1. What the Hockey Were They Thinking?
We used to think that companies' quarterly Wall Street conference calls were a learning experience. You know, an opportunity for enlightening dialogue between executives and analysts.
If you really want to know what they're like, think back to some of those phone calls you got from Mom and Dad when you were off at college. They reported dull hometown news, you pretended to listen, and a few weeks later you went through the whole meaningless ritual again.
That's what we got to thinking this week when, to take a break from the never-ending Stanley Cup playoff series, we listened to the replay of
May 2 call covering the financial results for the first quarter of 2002.
On the call, Cablevision -- owner of the New York Rangers, the New York Knicks and the Madison Square Garden arena in which they play -- had a measure of bad news for investors. "The Rangers missing the playoffs," said Cablevision President Jim Dolan, "does result in a change to MSG's cash-flow guidance, to $90 million to $95 million from $100 million."
Which is what most analysts echoed, without comment, in their postcall research reports.
Fine and dandy, except for a few small problems we have with this. First, there's the issue of basing financial projections on the assumption your team will make the playoffs.
They Shoot ... They Don't Score
With any team, that might be a little odd. But where the Rangers are concerned, it's a lot odd. When Cablevision published its original $100 million MSG cash-flow guidance at the end of January, the Rangers had only a tenuous toehold among the Eastern Conference teams that could have qualified for the playoffs. And the Blue Shirts still had nearly 30 games, or more than a third of the season, left to play.
And unlike the Knicks -- who made the NBA playoffs 14 years running before they flamed out this season -- the Rangers had serious short-term and long-term mo-mo difficulties; they hadn't made the playoffs since 1997, and they'd just come off a nine-game January losing streak.
At Cablevision, we suppose, you gotta believe.
2. Abercrombie & Fitch's Bum Steer
We've got mixed feelings about writing about the Dumbness of
Abercrombie & Fitch
. It only encourages them.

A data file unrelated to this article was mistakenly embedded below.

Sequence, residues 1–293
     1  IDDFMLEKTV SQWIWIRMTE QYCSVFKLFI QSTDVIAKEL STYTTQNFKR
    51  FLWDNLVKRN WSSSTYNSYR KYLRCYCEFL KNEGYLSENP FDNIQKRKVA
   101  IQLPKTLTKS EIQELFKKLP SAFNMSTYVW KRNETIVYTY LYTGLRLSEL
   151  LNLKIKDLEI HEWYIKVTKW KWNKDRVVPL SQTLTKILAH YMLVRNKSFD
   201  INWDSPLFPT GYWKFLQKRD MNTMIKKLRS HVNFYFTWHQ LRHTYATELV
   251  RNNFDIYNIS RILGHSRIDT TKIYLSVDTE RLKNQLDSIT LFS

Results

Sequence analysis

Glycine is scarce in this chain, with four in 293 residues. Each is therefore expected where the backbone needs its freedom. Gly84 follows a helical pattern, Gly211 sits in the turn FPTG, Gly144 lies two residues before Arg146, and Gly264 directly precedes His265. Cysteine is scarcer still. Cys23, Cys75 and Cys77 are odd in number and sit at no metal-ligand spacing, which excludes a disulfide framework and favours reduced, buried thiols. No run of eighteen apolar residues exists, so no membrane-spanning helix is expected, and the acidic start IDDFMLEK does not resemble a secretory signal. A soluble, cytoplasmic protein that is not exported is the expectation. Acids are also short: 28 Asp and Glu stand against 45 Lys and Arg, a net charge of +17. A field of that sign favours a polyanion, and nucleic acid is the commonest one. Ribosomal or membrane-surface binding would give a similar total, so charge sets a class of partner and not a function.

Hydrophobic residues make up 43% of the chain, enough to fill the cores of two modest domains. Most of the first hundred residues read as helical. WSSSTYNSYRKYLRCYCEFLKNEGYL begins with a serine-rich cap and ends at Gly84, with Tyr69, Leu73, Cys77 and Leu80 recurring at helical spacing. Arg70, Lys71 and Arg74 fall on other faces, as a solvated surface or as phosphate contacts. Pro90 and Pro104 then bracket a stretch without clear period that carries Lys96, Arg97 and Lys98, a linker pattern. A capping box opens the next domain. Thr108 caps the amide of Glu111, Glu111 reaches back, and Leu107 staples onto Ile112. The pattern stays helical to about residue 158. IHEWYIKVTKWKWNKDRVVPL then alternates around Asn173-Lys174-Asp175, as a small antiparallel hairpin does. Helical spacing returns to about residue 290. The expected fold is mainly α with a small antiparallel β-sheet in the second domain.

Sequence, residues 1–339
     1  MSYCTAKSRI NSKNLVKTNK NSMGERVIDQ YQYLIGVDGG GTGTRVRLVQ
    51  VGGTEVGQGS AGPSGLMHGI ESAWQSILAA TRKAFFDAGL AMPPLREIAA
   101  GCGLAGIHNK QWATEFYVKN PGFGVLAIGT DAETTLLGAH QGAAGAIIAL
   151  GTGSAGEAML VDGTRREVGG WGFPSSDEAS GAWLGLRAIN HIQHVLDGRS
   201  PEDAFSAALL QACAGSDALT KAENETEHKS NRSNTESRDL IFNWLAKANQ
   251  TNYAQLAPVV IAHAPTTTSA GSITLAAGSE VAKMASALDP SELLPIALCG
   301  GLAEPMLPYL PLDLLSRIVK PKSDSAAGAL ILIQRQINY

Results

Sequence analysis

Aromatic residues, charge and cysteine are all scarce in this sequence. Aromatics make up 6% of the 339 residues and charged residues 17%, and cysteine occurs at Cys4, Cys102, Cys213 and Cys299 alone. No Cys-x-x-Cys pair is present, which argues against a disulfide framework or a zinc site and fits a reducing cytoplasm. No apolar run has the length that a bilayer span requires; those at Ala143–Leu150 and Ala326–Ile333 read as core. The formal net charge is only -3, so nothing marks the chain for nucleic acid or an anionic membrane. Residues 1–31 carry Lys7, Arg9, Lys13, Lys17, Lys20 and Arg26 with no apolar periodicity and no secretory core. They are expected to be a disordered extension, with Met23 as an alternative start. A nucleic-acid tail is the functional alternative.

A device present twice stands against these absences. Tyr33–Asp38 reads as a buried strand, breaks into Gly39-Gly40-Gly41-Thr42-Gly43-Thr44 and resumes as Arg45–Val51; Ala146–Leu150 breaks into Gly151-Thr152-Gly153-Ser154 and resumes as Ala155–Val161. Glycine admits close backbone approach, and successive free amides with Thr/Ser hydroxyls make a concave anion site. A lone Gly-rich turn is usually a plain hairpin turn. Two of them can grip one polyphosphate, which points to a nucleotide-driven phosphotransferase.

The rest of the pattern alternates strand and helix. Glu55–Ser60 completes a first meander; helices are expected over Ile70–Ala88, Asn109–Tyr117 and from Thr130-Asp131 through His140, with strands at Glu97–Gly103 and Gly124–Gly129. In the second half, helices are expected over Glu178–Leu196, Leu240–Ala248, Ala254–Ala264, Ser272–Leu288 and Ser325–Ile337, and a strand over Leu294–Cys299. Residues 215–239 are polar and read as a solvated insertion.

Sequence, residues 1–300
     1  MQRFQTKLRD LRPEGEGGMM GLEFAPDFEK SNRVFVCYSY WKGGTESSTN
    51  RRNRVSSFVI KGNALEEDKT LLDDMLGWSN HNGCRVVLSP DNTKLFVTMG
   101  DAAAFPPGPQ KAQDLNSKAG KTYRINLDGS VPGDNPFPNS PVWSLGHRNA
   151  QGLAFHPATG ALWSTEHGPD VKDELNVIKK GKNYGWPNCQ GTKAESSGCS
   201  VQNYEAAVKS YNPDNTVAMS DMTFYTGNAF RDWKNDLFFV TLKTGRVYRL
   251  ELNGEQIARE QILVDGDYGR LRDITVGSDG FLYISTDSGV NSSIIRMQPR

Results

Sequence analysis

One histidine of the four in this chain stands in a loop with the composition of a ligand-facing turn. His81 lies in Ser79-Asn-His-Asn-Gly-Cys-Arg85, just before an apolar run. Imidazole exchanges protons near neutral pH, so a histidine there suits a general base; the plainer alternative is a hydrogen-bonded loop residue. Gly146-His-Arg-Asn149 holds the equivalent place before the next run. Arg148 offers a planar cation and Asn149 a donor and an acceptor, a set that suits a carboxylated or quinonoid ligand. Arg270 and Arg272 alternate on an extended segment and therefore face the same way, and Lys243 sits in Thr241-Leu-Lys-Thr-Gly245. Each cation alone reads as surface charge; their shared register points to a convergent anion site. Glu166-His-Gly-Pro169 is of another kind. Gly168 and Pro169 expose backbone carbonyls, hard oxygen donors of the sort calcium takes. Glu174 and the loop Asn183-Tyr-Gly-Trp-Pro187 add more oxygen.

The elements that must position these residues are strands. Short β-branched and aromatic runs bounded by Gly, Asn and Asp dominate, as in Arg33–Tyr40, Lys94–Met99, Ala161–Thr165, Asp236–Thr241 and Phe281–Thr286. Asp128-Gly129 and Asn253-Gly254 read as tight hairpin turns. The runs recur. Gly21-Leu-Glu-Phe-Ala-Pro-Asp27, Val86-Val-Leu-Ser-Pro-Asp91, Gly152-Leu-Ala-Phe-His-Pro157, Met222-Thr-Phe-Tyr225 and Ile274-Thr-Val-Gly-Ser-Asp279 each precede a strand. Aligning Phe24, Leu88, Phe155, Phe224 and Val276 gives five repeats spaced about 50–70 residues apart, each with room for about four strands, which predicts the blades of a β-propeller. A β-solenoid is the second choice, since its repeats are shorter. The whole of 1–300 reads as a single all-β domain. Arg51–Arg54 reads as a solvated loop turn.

See, here is a company that thrives on annoying people. It's like a spitball-shooting kid in elementary school; acting irritated and screaming "Stop it!" only eggs him on to further damage. The cruelest thing you can do to him is ignore him.
Public's Got It All Thong
As you may have read over the past week, the spitball-shooting A&F's latest crime against humanity was marketing thong underwear to preteen girls. After a few newspaper articles and a few hundred thousand angry parents complaining about sexualization of fourth-graders, A&F dropped the drawers from its product line.
Funny how offensive products are getting to be a habit for the company. Why, only last month, the company was selling racist-caricature T-shirts featuring a mock advertisement for the mythical "Wong Brothers Laundry Service."
So does this boneheaded merchandising mean that A&F is Dumb? Of course not. These moves are calculated to generate publicity and attract kids by repelling their parents. Heck, they've probably got a Vice President for Creating Public Outrage. (We were going to ask them about this, but they didn't return our phone call.)
What's most irritating -- see? they got us -- are A&F's protestations that the stuff it sells is lighthearted, whimsical fun. It's critics of the company who have dirty-minded thoughts related to thong underwear. Yes, A&F sees no evil, hears no evil and speaks no evil. Too bad it's just evil.
3. Stock in the Middle
Ready for another of our occasional insights into business reporting?
Well, strap yourself down. This one's a doozy.
Sometimes, we fear, people don't tell reporters the truth.
Yes, afraid so. And we'll go even further out on a limb here: Sometimes, it appears to us, felons don't tell reporters the truth.
Yes, yes, all too hard to believe. But true, we fear.
How did we get so cynical? Well, we read with horror this week how the U.S. attorney's office in Brooklyn charged one Amr I. Elgindy with